An Ode To My Grandmother

Updated: Sep 9, 2019

I'm pickling beets today. The earthy smell wafting through my kitchen has me reminiscing about my grandmother. I’m not sure if I was even out of diapers by the time I was spending every weekend I possibly could at my Nanny and Papa’s homestead. I would incessantly beg my parents to drop me off and reluctantly leave (except for once but that’s another story that my parents like to tell).

I find myself often thinking about those days as some of my favourite childhood moments.

I rarely wore shoes (see, always barefoot). I would 'help' my Nanny in the garden, although this usually meant my pudgy bum was planted in the soil eating fresh veggies and dirt. Above all, my Papa would spoil me (much to my mother’s chagrin) - I got all the chocolate donuts I wanted, and he would kindly take the couch at night so I could sleep with my Nanny. I would bake with my Nanny, and learn how to properly knead dough. I would wait for the clouds to clear so I could see Prince Edward Island through the binoculars. The most technology I consumed during these weekends was listening to a cassette of The Rankin Family over and over and over again. I was always outside, or on rainy days beating anyone I could at a game of cards.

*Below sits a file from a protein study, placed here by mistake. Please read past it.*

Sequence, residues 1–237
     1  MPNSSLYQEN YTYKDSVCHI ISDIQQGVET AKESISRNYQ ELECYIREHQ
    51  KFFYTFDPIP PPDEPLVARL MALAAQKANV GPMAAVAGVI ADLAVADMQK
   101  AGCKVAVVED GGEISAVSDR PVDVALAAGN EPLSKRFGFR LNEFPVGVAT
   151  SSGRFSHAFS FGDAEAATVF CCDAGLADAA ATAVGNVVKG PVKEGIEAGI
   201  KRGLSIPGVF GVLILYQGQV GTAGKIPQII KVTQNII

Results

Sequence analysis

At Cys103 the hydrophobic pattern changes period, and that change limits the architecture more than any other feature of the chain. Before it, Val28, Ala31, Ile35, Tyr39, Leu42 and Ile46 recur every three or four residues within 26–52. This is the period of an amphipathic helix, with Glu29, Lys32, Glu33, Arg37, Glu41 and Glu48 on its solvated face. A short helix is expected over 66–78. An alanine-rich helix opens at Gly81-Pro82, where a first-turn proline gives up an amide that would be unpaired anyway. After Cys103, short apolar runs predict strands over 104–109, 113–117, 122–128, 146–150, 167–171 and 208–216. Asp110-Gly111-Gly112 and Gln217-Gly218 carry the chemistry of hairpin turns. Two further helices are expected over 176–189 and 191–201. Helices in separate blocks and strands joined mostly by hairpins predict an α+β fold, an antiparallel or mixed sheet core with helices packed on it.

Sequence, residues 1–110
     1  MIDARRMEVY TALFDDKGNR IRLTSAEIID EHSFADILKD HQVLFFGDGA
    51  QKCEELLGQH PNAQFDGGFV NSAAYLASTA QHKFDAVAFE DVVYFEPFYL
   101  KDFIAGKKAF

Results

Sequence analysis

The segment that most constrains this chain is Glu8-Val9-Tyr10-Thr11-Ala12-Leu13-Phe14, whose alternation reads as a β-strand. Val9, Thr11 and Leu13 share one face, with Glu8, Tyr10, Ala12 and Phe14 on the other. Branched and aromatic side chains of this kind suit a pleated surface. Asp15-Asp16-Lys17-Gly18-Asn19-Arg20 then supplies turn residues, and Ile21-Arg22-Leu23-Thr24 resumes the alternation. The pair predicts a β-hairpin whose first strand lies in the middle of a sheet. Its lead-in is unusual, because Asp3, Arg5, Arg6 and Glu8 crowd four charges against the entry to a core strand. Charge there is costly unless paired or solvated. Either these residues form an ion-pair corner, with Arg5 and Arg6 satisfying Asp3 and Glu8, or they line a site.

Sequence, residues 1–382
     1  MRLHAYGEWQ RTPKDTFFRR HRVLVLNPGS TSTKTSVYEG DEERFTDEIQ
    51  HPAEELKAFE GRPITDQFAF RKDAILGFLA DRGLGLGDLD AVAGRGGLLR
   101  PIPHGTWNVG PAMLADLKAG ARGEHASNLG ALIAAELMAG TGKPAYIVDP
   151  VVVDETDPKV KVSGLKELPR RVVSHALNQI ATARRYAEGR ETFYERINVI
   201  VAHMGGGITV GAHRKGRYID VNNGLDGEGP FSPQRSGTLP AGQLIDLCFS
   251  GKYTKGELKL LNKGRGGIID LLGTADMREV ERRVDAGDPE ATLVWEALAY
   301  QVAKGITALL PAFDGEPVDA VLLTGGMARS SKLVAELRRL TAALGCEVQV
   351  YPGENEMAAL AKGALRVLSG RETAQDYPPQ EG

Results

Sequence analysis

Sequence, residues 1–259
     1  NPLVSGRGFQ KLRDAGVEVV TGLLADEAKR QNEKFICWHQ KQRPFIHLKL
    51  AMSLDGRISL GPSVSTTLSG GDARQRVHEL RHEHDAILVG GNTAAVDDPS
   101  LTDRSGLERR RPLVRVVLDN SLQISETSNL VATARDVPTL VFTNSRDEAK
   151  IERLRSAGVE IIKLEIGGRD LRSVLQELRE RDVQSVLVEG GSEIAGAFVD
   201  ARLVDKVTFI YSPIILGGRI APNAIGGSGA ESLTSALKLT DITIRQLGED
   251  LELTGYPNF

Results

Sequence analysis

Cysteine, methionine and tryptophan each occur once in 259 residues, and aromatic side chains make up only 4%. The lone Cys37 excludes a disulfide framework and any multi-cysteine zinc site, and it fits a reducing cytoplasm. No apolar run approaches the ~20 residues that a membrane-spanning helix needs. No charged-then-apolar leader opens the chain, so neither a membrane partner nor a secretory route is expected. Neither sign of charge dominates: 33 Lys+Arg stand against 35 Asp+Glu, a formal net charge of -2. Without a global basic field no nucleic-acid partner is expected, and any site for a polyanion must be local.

From my childhood perspective, life was just a breeze - blowing off the Northumberland Strait.

I didn’t get many years after that with my Papa, but I did enjoy almost three more decades with my Nanny. She remains one of the hardest working women I know. She worked outside the home, managed a homestead and raised ten children. She was compassionate and kind, but fierce and wild and was a true matriarch of our family. By definition, she was not a feminist, and I certainly pissed her off a time or two with my 'un-ladylike' behaviour and my constant need to stir the pot. As I got older, I learned that the things she wanted for me in life, were not the things I wanted for myself so we just agreed to disagree and she quietly respected that I would forge my own path, as I always had.

Although we differed on some fronts, her roots have been planted deeply. They have shaped who I am and how I live. I am courageous and bold. I have neither a verbal filter nor a poker face. I am curious about people. I love the sound of the wind and the smell of salt-water. I re-purpose everything. I can make a mean batch of mustard pickles (#lifegoals people). And of course, I long to be oceanfront, barefoot, and eating string beans out of my garden.